New Mexico Foreclosure Laws and Process

Jennifer Park
Published: May 8, 2024 | Updated: May 09, 2024

Disclaimer: This is for informational purposes only. This is not legal advice. Please, consult an attorney before taking any legal action on a foreclosure or eviction.

In New Mexico, the foreclosure process is primarily judicial. This means that the lender must go through the court system to get a foreclosure judgment. Below, you’ll discover everything you need to know about New Mexico’s foreclosure laws and processes.

New Mexico Foreclosure Laws and Process

Foreclosure Process Overview

New Mexico requires all foreclosures to be handled through the court system. Typically, foreclosure spans about six months. It starts with the lender filing a foreclosure complaint in court against the borrower and ends with a deficiency judgment or redemption where applicable.

Pre-foreclosure Period

The state of New Mexico doesn’t require the lender to notify the debtor before initiating the pre-foreclosure process, but the mortgage or deed of trust may sometimes require this. Once the complaint is filed, the borrower is given notice which he must respond to within 30 days.

In New Mexico, no real property can be sold in a judicial foreclosure until 30 days after the foreclosure judgment or decree has been entered. During this 30-day period, the current owner of the property, along with his heirs, personal representatives, assigns, or any junior lienholder, has the opportunity to prevent the sale. 

This can be done by paying off the judgment or decree. They must deposit the required payment, including any accrued interest and legal costs, with the office of the clerk of the district court where the judgment, decree, or order was made.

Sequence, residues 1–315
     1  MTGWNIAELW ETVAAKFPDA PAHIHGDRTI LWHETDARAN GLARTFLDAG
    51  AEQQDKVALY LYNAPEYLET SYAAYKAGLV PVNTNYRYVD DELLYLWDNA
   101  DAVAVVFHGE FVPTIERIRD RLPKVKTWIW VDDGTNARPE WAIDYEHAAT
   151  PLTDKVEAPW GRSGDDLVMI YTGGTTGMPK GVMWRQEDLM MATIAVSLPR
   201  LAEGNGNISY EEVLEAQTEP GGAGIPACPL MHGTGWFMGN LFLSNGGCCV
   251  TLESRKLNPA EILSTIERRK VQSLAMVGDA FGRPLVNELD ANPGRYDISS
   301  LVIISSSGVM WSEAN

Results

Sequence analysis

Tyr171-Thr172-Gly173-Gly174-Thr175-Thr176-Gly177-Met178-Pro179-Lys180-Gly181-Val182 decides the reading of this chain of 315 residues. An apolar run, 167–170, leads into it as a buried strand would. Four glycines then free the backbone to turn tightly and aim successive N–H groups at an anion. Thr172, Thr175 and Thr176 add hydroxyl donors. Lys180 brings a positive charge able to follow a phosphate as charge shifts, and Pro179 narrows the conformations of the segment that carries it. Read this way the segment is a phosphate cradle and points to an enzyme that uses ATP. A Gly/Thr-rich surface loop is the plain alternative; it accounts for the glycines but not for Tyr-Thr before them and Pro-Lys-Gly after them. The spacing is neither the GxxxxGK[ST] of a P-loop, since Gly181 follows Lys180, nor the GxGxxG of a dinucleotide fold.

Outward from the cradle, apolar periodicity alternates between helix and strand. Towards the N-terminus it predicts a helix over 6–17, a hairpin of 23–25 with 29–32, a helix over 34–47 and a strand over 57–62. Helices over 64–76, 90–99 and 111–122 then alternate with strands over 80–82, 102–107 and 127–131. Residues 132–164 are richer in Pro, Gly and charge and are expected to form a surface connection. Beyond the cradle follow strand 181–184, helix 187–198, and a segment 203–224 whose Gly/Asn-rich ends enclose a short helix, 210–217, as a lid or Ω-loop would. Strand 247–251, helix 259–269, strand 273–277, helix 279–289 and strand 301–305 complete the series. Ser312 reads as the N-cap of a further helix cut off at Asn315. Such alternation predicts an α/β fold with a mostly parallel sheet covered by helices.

Types of Foreclosures

New Mexico laws dictate judicial foreclosure for nearly all residential properties. Some commercial and business properties are eligible for non-judicial foreclosure. In 2008, the state adjusted regulations around the use of deeds of trust, which are used to facilitate non-judicial foreclosures. All that said, New Mexico remains largely a judicial foreclosure state.

Notice and Sale Process

New Jersey law provides that real estate mortgages involved in a foreclosure must be sold at a public auction between the hours of 9 am and sunset on the same day. The time, place, and a full description of the property to be sold must be publicly announced in the following ways at least four weeks prior to the sale:

  • The announcement must be published in either English or Spanish, whichever is likely to reach the widest audience in the county where the property is located.
  • If no newspaper is published in the said county, the announcement should appear in the newspaper designated as the official paper for that county.
  • The notice must be posted in six of the most public places within the county, and these notices can be printed, written, or a combination of both.

All notices of sale by sheriffs under an execution, order, or decree from any district court in this state must include the following information:

  • Case Information: The style or title of the case in which the judgment, order, or decree was issued.
  • Nature of the Action: A brief description of the nature of the legal action.
  • Judgment or Decree Details: The date the judgment was rendered or the order/decree was issued.
  • Amount Due: The total amount due, including interest accrued up to the date of the sale.
  • Property Description: A detailed description of the property being sold, sufficient for its complete identification.